Isabel Allende novel features Japanese internment

Isabel Allende is partial to strong women, courtly manners and leftist politics. In her latest novel, “The Japanese Lover,” she delivers all three in a stirring romance about a passionate love affair between a Jewish refugee from Nazi-occupied Poland and a Japanese-American gardener.
Fans of “The House of the Spirits,” Allende’s best-selling debut novel set in her native Chile, will recognize common themes, including an affection for ghosts, alternative medicine and childhood romances that endure into adulthood.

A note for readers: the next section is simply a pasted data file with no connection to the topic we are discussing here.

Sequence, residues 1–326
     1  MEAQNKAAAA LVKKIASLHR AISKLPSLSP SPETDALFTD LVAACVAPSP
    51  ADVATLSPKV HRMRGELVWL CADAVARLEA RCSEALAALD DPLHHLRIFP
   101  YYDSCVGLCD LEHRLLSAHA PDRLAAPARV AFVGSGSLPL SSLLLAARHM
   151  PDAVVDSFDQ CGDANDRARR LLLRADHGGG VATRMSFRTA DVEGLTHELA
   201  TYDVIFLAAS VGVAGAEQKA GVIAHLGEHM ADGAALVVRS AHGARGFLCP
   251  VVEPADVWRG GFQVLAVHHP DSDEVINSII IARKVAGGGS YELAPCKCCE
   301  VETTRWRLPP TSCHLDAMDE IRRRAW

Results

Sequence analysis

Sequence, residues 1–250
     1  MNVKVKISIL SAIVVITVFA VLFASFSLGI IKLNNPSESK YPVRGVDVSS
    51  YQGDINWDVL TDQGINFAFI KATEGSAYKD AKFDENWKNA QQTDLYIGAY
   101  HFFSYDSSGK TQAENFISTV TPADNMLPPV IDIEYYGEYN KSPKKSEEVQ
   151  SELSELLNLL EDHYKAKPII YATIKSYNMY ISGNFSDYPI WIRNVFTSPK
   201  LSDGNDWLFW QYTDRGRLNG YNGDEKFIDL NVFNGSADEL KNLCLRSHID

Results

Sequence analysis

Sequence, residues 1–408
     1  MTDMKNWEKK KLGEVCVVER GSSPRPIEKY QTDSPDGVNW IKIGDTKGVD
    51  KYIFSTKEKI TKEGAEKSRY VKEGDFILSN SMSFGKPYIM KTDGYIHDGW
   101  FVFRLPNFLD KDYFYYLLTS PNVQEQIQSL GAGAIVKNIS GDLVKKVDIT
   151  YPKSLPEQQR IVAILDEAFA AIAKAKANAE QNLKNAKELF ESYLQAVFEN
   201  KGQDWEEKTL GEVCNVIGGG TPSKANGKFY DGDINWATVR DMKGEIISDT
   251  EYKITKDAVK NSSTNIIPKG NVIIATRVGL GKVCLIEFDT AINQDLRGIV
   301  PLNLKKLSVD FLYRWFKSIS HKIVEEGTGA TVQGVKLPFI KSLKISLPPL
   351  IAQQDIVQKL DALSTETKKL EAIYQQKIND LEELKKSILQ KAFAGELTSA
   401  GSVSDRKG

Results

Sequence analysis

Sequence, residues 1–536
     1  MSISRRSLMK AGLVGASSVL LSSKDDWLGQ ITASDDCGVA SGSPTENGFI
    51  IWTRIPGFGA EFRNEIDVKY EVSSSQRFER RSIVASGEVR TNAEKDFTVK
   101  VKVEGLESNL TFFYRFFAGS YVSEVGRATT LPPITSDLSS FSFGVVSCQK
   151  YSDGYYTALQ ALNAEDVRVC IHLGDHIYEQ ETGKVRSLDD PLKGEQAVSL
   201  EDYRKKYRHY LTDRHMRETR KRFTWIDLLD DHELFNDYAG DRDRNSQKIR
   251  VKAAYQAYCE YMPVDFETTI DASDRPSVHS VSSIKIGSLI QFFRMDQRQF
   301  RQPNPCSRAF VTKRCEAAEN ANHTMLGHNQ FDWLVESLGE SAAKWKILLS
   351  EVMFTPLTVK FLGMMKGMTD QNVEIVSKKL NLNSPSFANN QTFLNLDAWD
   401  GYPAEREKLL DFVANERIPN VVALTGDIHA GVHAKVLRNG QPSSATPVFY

Her latest effort, a sweeping historical novel with some fantasy elements, opens in Lark House, a progressive retirement community in the San Francisco Bay Area with a “faint odor of disinfectant, old age, and — occasionally — marijuana,” and moves back and forth in time to intditor-in-Chief Ekrem Dumanli, Zaman Deputy Editor-in-Chief Mehmet Kamii, TV producer Canduneyt andOzdemir, Handurriyet Daily News Editor-in-Chief Murat Yetkin and Aksiyon Editor-in-Chief Bandulent Korucu. Many other prominent journalists and TV producers also suffered the same fate.


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